PROVIDENCE — Ross Normandin’s exhibition at GRIN examines in sidelong ways the gulf between the inner self and the more practiced social one. In his video “Shell,” Normandin’s head ducks as he dons a mask. Then, for an unsettling 15 minutes, all we see is the back of his mask, as if even the front would tell too much. When he doffs it, the video ends, but we still don’t see the artist’s face.
Sometimes the only way to clearly see someone’s true self is surreptitiously. Despite our tendency to craft and blare identity on social media, it’s truly more like a fawn in the woods — easily startled and hard to track.
Normandin’s mask-like artworks seem, eerily, to have a sense of self. He currently has a series cast from his own head in “People Watching: Then and Now” at the Fitchburg Art Museum. At GRIN, he pushes deeper into this territory, and paintings — rectangular wall works with a colorist’s touch — seem to take on archetypal consciousness.
His “Pig” series, crafted from silicone rubber (and sometimes urethane) has a fleshy consistency. A pig’s snout projects from each piece, and a cast rubber cord hangs from the surface; it could be a mask’s strap, if you looped it around the back.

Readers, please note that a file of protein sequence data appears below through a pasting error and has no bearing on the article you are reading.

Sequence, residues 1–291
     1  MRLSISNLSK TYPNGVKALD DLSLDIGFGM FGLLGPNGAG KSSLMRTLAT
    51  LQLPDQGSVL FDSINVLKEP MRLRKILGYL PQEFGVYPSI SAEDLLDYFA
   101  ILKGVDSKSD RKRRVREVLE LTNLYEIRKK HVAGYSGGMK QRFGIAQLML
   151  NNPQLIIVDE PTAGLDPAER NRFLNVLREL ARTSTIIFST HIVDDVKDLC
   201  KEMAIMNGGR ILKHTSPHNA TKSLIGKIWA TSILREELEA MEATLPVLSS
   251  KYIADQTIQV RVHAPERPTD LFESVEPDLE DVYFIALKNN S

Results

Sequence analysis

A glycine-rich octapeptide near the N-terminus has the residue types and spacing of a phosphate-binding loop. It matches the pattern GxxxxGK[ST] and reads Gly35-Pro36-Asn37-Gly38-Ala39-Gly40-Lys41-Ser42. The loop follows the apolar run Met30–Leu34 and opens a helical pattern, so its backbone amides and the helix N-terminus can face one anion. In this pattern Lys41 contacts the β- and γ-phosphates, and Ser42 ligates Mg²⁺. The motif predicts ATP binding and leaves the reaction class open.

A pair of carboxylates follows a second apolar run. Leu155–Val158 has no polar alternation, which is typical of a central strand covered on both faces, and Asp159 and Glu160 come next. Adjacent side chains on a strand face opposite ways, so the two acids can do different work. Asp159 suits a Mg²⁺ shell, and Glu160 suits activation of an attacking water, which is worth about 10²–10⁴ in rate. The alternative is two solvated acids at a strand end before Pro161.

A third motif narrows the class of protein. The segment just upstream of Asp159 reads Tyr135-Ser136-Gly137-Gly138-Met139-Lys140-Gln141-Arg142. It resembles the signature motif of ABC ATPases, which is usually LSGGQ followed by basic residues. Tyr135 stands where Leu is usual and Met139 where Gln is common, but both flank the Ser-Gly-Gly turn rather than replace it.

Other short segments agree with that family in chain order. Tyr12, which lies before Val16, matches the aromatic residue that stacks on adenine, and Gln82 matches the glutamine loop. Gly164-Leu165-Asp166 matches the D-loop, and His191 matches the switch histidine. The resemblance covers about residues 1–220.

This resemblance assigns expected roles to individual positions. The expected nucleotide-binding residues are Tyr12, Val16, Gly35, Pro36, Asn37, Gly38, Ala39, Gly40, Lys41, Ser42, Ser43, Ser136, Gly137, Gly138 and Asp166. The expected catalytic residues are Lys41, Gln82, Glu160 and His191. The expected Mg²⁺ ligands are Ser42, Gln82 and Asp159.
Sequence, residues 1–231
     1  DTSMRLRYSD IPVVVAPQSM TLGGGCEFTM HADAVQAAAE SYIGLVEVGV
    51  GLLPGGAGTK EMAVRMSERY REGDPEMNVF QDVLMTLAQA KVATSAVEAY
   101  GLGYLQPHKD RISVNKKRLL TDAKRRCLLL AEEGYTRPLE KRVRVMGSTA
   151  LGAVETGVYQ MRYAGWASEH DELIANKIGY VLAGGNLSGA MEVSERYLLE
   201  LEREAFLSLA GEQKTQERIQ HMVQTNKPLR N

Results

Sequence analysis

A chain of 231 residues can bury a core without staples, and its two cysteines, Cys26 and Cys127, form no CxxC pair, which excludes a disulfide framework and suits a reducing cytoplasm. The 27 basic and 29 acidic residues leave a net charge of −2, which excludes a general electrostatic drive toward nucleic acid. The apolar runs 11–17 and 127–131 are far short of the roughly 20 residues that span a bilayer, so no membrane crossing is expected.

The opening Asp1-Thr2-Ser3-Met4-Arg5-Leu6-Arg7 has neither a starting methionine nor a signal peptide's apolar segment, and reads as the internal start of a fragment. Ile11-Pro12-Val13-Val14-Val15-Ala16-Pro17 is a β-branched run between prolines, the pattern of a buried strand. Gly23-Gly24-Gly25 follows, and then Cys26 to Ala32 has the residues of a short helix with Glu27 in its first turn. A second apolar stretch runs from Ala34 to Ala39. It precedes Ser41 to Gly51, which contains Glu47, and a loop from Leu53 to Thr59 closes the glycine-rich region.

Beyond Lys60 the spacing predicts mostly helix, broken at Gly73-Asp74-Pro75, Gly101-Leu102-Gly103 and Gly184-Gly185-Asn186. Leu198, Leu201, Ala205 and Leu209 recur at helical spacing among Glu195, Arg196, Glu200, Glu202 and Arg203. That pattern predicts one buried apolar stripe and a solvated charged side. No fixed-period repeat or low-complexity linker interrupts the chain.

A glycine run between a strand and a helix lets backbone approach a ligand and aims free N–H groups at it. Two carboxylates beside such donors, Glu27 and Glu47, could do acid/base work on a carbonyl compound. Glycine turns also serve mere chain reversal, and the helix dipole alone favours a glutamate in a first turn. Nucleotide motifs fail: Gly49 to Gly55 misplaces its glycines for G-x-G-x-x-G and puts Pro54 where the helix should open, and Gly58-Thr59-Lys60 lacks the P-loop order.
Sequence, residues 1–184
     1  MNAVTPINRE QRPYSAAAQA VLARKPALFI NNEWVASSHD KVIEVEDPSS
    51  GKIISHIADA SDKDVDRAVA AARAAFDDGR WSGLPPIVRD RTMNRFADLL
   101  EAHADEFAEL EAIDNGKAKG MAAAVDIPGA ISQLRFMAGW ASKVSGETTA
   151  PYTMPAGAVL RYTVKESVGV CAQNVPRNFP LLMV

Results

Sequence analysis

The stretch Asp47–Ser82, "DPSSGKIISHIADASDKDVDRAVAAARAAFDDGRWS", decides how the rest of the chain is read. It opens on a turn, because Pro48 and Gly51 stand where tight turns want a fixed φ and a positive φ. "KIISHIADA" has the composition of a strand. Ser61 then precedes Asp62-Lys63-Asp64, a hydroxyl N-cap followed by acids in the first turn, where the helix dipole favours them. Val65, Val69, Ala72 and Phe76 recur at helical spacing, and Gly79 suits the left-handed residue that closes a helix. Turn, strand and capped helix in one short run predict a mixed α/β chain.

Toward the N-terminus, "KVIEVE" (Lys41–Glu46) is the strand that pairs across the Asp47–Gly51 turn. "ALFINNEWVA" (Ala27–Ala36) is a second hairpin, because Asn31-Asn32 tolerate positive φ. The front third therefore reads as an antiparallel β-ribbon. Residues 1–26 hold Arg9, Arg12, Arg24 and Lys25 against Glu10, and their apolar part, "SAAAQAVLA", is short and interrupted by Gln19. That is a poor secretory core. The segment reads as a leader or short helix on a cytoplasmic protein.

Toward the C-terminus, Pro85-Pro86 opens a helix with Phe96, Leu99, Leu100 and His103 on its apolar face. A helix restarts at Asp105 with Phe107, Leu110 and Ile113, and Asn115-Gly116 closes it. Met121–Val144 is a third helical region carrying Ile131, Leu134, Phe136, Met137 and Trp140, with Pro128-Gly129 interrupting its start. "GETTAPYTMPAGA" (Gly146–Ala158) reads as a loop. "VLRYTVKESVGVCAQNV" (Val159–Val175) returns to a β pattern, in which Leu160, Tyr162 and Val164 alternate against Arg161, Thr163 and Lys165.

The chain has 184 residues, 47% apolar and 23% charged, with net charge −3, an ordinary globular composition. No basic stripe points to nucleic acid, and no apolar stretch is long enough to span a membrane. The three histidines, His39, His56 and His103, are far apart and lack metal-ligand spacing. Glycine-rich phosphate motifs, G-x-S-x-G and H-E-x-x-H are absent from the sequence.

They’re artworks, but naked and defiant ones — indignant, riotous. Piggish, but not porcine enough to be seen as an animal and separate from ourselves. Instead, these pieces confront us as a portrait or a mirror would, nearly snuffling and grunting in retort to our gaze. They are not fawns in the woods, but wild boars.
Casting from a mold seems essential to Normandin’s aesthetic, and all the iterations, in varying tones of pink, ivory, and orange, perseverate. They put on repeat something we might otherwise eagerly turn away from or snicker at out of embarrassment, and compel us to look directly at it. It’s not pretty, but it’s got an electric current.
SLABS AND A SHELL; A HELL: ROSS NORMANDIN
At GRIN, 60 Valley St., Providence, through Dec. 15. 401-272-0796, www.grinprovidence.com